- Gnostic Luciferianism, based on ancient Ophite Gnosticism, usually combined with subsequent Western occult traditions. Lucifer is typically seen as both a bringer of spiritual enlightenment and a champion of individual liberty. Some Luciferians are also strongly influenced by LaVeyan Satanism or by the Temple of Set paradigm, though most are not. Luciferians typically make a sharp distinction between "Lucifer" and "Satan" and between "Luciferianism" and "Satanism," although their idea of "Lucifer" typically does borrow at least some themes from the Christian Devil concept. But a few Gnostic Luciferians do identify as "Satanist" as well as "Luciferian"; a well-known example was Herbert Sloane's Lady of Endor Coven, founded back in 1948. Those relatively few Gnostic Luciferians who do see "Lucifer" and "Satan" as the same entity (or as aspects of the same entity) can be considered primary theistic Satanists. Because most Luciferians do not consider themselves to be "Satanists," I won't list any Luciferian groups here, but it is easy to find a few by Googling "Luciferian Gnostic."
- Christian-based duotheism, also known as "reverse Christianity." Essentially Christian in its theology, except for a belief that (1) Satan has at least some chance of winning in his war against the Creator and (2) such a victory is desirable, usually because Satan is seen as a champion of human freedom. Many non-Satanists erroneously assume that all Satanists are Christian-based duotheists. Many ex-Christian Satanists embrace some form of Christian-based duotheism when they first become Satanists, but in most cases move on to other beliefs later - sometimes other forms of Satanism, sometimes back to Christianity, and sometimes other religions.
See also my much longer list of Other theistic or theistic-friendly Satanism/LHP websites.
Some secondary theistic Satanisms
By a "secondary theistic Satanism," I mean a religion or spirituality in which Satan is part of the pantheon and is worshipped, revered, or at least propitiated in some way, at least to some extent, but is not the primary object of worship/veneration/reverence/emulation/whatever.
- Thelema. (Aleister Crowley did include Satan in his personal pantheon and in some of his rituals, e.g. Liber Samekh, but only as one of many gods. If you happen to know of a good article detailing this, please let me know and I'll link to it.)
- Those Gnostic Luciferians who revere Satan as well as Lucifer, but who see Satan as a distinct entity.
- On Exu by Clifford Low & Carol Dow (about some of the African Diaspora religions) on necronomi.com.
- More later.
The line between primary and secondary theistic Satanism can sometimes be hard to draw. For example, there are quite a few people who revere Satan as their sole or primary God, but who believe that "Satan" is "really" just a name given by Jews and Christians to some god who was worshipped in one or more older religions under other names, e.g. Set, Pan, Loki, or Enki. (And such forms of Satanism will sometimes give birth to new forms of Paganism that worship the god in question without calling that god "Satan" anymore. A prime example is Michael Aquino before he stopped calling himself a Satanist. Other examples include some of the Joy of Satan splinter groups.)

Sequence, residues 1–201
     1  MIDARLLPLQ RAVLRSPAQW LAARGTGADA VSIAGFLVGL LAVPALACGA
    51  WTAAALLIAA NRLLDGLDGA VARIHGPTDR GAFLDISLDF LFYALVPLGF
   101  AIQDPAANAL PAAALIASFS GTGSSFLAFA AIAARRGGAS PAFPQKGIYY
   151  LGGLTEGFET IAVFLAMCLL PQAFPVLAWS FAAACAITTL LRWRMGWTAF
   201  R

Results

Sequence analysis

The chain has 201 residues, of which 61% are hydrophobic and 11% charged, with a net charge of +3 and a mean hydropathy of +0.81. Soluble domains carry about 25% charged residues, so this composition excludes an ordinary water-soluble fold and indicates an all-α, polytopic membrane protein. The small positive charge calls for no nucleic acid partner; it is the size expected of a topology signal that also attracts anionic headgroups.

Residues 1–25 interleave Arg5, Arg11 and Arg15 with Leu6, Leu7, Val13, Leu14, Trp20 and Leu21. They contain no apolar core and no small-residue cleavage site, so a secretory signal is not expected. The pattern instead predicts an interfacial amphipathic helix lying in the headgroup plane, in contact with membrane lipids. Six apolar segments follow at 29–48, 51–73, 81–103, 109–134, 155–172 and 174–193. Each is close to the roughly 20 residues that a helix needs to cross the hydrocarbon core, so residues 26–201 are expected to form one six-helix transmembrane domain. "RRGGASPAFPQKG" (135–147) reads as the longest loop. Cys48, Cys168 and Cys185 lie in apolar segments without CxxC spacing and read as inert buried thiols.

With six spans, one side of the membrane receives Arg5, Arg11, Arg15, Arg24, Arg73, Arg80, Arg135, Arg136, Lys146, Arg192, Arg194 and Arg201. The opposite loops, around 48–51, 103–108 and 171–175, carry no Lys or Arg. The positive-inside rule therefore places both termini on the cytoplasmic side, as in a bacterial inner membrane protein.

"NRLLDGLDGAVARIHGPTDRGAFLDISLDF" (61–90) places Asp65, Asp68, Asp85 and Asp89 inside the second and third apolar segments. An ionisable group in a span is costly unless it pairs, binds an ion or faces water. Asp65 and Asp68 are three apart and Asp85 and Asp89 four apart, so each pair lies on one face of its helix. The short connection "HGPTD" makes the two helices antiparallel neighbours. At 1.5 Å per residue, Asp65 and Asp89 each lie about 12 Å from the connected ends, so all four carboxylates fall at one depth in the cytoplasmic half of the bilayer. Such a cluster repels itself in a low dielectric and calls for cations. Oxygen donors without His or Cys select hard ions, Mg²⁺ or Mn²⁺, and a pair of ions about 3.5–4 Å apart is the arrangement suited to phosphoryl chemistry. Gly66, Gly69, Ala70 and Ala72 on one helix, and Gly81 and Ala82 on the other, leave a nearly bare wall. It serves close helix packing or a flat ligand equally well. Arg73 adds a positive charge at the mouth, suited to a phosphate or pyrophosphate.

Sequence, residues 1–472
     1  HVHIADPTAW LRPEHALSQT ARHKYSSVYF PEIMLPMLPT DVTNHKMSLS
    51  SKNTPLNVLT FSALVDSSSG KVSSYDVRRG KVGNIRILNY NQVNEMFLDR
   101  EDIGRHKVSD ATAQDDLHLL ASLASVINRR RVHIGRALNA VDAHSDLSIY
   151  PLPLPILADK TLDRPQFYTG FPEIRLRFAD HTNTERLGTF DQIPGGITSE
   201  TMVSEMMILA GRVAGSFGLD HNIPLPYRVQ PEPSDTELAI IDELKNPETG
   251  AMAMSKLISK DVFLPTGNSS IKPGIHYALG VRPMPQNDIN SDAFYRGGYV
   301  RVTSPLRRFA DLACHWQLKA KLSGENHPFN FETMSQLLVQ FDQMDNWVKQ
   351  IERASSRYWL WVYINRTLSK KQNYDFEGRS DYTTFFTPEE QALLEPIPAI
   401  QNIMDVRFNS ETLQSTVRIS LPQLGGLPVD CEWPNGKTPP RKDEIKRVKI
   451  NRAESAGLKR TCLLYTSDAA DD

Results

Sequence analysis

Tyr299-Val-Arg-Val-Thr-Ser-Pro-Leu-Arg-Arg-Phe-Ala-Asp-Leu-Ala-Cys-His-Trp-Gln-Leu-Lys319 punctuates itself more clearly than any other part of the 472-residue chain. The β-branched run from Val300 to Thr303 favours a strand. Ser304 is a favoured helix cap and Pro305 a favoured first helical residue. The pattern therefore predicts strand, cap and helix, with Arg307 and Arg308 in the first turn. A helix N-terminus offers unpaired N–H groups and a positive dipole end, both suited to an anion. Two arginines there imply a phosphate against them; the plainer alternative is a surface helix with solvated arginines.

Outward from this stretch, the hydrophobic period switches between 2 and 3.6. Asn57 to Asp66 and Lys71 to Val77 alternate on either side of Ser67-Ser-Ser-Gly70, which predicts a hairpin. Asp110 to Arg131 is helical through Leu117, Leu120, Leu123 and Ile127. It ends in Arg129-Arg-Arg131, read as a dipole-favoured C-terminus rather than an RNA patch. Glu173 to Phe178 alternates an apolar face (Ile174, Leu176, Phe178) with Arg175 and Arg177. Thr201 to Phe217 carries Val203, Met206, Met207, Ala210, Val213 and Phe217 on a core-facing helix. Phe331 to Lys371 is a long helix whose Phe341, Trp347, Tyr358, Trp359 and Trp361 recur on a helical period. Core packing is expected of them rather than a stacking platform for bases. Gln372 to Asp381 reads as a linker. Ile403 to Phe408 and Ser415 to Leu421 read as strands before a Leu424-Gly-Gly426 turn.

My critiques of some forms of Satanism
The Satanist scene is full of vicious, petty infighting. At the other extreme, some Satanists avoid criticizing other Satanist groups at all.
I believe that it's important for us to think about our own beliefs; and, as a means of helping us develop our own beliefs, it's desirable for Satanists to be able to talk freely about what does or does not make sense to us about the beliefs and practices of various Satanist groups and writers. Unfortunately, too many folks in the Satanist scene don't seem to realize that it's possible to debate about ideas and practices without stooping to petty insults, mud-slinging, and in many cases outright slander. Here on this website and in my forums, I aim to raise the level of dialogue.
Below are some of my disagreements with some of the beliefs and practices of some Satanists.
- In the section of this website on Rituals, magick, and devotional practices::
- Pacts and self-initiation - includes a critique of the tendency of some groups to encourage premature dedication rites.
- Why I don't recommend LaVey's rituals
- In the section of this website About Demons:
- In the section of this website on Social, legal, and political matters:
- On the Church of Azazel site:
- Needed: new kinds of Satanism
- Who and What is Satan? Various Satanist Interpretations
- A brief critique of Christian-based duotheism
- On the Black Goat Cabal site:
- Devil Worshipers:  Satanism's scapegoats? - a critique of those Satanists who use the term "Devil worshiper" as a putdown